“I’d be delighted, thank you.” I said. It turned out that one night each year they dress up in traditional Romanian dress and basically get pissed. What luck! The moment I joined them I was given a plastic cup full of vodka. I was told it was ‘vodka flavoured mineral water’ by one of the chaps but I can tell you it was seriously strong stuff. And whenever the cup got low it was topped up again. Then they got the BBQ going and cooked lumps of beautiful meat. If I could have designed an evening that would have been it, obviously with the addition of my lovely wife. 😉 Anyway, once sufficiently fed and watered I returned to my tent, on the way I did a tiny bit of stumbling and found I’d lost a flip-flop (glass slipper). So, I apologise for not writing my blog yesterday but I was enjoying myself and getting drunk. 😉
I’ve not kept up to date on the placed I’ve ridden through but here’s the list I’ve got so far. Carnac, Budesti, Sarbi, Valeni, Barsana, Sieu.
Mileage 32,727 to 33,005
25th June 2017
Needless to say I slept soundly but woke with quite a head. After drinking pretty much a full two litre bottle of fizzy water and eating two paracetamol, two ibuprofen and a wonderful breakfast of egg, sliced meat, cheese and tomato I started to feel better. I paid up, packed up and departed.
After literally just two minutes on the road I rode past an old chap on a pushbike who was staring at me with a worrying expression and and open mouth, as I approached he did the ‘Mary mother of God’ cross thing with his hand. He looked terrified. The first time this happened I found it weird. Within the next ten miles it had happened at least five more time and I was beginning to get a bit freaked by it. One elderly lady actually got off her bike, leant it up against a post then crossed me with the look of complete horror. I have no idea why this keeps on happening but I have to admit to not liking it all that much. It eased off later in the day but must have happened well over fifty time throughout my ride.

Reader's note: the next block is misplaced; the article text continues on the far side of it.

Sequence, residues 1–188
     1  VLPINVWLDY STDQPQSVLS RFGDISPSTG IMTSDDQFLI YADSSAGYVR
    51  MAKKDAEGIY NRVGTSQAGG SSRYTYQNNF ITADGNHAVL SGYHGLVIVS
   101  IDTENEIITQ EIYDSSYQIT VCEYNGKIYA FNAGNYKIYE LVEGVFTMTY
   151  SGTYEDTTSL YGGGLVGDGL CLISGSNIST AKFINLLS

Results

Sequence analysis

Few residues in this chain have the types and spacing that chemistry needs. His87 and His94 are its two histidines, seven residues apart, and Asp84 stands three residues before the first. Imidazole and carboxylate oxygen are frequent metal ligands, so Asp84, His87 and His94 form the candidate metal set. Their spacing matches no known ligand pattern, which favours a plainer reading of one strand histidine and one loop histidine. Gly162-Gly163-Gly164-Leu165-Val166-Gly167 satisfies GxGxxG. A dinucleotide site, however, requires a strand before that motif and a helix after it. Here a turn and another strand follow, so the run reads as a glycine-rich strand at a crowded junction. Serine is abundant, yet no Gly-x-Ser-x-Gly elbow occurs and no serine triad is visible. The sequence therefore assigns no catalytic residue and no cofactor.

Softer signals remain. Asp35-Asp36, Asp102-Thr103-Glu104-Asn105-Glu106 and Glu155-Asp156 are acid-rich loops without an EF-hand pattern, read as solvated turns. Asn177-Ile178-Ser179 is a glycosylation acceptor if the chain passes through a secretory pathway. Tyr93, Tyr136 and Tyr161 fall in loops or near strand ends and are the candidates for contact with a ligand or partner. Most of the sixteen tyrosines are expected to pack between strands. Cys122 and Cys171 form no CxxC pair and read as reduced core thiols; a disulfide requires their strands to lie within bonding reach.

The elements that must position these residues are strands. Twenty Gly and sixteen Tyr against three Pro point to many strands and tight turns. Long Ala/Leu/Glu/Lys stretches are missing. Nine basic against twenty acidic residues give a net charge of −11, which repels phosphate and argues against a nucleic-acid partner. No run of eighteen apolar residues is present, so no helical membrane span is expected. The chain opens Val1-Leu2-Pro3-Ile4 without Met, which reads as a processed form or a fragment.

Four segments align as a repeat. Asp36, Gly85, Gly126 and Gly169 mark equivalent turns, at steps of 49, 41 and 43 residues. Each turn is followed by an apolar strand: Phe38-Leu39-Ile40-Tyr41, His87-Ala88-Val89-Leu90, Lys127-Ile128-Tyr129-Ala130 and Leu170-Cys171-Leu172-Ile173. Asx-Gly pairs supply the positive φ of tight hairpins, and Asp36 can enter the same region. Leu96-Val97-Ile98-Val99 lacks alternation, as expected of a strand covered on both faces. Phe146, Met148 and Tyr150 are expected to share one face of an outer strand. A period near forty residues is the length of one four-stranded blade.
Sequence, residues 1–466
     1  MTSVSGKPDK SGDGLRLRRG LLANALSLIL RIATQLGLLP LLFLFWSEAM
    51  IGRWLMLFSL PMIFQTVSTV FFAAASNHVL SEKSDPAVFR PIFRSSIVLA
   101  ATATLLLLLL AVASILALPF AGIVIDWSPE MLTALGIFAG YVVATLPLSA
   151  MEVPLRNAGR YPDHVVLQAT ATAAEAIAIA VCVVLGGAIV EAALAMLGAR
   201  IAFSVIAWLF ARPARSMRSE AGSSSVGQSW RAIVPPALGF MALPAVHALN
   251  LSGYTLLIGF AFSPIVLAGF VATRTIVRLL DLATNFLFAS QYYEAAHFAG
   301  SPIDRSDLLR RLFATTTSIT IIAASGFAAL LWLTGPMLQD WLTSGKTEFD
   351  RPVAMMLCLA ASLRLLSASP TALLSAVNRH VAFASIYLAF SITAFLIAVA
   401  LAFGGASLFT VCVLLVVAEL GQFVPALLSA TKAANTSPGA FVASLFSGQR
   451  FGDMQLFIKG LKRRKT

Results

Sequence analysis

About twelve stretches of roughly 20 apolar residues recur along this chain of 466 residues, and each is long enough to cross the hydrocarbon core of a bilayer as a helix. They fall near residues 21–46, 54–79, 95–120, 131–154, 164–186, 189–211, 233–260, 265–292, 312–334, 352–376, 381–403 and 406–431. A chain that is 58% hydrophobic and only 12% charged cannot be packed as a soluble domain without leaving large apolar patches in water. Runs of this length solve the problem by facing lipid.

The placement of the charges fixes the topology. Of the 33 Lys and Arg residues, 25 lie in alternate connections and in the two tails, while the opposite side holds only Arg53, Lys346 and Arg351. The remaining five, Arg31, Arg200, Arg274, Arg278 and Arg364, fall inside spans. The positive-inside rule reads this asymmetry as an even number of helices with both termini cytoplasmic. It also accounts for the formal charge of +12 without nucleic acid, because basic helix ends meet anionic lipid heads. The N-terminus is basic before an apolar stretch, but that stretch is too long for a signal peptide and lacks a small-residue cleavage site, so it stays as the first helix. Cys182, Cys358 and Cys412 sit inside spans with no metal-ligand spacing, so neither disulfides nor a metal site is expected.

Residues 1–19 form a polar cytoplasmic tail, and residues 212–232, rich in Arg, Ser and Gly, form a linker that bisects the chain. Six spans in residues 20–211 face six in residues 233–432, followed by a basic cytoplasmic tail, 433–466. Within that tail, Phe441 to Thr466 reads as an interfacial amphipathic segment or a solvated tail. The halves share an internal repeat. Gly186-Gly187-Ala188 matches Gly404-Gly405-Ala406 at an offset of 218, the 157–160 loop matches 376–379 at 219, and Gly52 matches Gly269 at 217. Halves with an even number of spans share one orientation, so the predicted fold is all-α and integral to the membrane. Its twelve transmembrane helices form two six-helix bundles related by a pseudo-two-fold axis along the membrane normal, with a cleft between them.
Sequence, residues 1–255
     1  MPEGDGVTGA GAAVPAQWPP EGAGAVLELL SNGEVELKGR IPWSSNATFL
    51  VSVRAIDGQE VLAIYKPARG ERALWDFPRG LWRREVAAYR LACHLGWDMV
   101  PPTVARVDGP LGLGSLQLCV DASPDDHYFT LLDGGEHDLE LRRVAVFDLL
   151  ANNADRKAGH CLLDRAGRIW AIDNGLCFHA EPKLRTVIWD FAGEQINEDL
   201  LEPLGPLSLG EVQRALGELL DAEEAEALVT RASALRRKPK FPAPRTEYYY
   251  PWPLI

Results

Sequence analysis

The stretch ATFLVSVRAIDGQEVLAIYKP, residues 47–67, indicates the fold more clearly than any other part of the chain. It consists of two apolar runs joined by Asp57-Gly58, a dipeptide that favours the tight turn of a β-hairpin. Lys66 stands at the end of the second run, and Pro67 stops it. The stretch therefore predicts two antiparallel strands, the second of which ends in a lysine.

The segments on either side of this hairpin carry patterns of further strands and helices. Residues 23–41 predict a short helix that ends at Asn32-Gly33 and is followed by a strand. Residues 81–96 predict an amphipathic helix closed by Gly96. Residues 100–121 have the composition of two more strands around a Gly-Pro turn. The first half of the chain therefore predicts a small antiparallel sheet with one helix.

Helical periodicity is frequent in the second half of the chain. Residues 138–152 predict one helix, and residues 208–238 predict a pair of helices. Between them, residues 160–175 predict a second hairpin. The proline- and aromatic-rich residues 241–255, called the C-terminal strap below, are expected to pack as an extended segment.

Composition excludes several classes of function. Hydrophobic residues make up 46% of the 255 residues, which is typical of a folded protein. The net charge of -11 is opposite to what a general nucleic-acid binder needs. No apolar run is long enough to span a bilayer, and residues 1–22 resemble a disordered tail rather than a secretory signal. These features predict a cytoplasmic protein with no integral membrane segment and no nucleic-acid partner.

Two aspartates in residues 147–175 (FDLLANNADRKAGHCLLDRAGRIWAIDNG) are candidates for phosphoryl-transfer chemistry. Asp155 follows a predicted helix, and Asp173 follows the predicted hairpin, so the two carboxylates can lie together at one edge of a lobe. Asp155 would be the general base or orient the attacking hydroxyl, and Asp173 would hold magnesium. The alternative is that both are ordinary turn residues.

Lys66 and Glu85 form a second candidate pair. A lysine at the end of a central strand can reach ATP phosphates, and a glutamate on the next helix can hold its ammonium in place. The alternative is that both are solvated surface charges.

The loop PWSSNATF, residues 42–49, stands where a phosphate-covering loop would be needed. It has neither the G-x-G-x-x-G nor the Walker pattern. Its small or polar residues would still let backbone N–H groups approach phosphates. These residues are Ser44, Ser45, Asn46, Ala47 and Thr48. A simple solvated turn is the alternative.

Direction wise I was doing incredibly well following my posh new map, then I decided to take the scenic route and follow one of the white toads. The first thing that happened was the surface disappeared, then it started climbing, then it really started climbing. At this point it was so incredibly steep and narrow that stopping was not an option, if I stopped there was absolutely no way to get the bike going again so I continued. Then it got even steeper still and the ruts just carved deep slots in the mud. The only tracks I could see were tank like caterpilla tracks from, I guess, logging vehicles. Up and up I went with the bike’s back wheel struggling to grip but somehow continuing faultlessly. I was terrified but couldn’t stop, if I had dropped the bike at this point it wouldn’t have stopped until it had bounced it’s way to the bottom. My mind raced with thoughts of breaking the bike or myself but all the time I continued climbing.
All of a sudden it levelled off and I felt elated, not to mention incredibly manly! Then, shock horror, I spotted a family having a picnic sitting next to their steed, a bloody Fiat Uno! My manly prowess was immediately slashed from Rambo (First Blood) to My Little Pony (Pink and Fluffy edition). I rode over to them and got off the bike. I was actually shaking from both the exertion and fear when the lady said “wow, I thought that way was impassible”. I then spotted the other route up which was still quite bad but absolutely nothing compared to my route up. I could have beaten my chest there and then I was so chuffed. I told her that I rode up it purely by accident and that I didn’t suggest going down it in her Uno.
We chatted for a while and she told me that I had now entered into the area of Transylvania. I asked if I should be worried about being bitten by a blood lusting maiden but she told me that the real worry was the bears. She told me that they really do attack people and that I should be very careful. She then insisted on telling me told me about one of her friends who was attacked this time last year. It was very grim and equally as worrying. As I rode down the other side I found myself looking out for bears and starting to find them a bit of a worry.
I continued my journey to the beginning of the Transylvanian pass, or something like that, at a place called Carta. On the way I rode passed some kind of serious military installation with hundreds of huge and very impressive vehicles sitting outside. I think that was a place called Cincu.
Again I’ve not kept up to date with the placed travelled through list but here’s what I currently have. Gocanesti, Lacobeni, Argestru, Yatra Dornel, Plaiul Sarului, Panaci, Coverca, Paltinis, Glodu, Suseni Lunca, Bilbor, Secu, Toplita, Galautas, Sarmas, Gheorgheni Gyergyoszentmiklos (yes, that’s a real name!), Secuieni, Vanatori, Albesti, Sighisoara and now I’m camped near a place called Carta.
Mileage for today is: 33,005 to 33,250.
Nighty-night my lovelies! Rich xx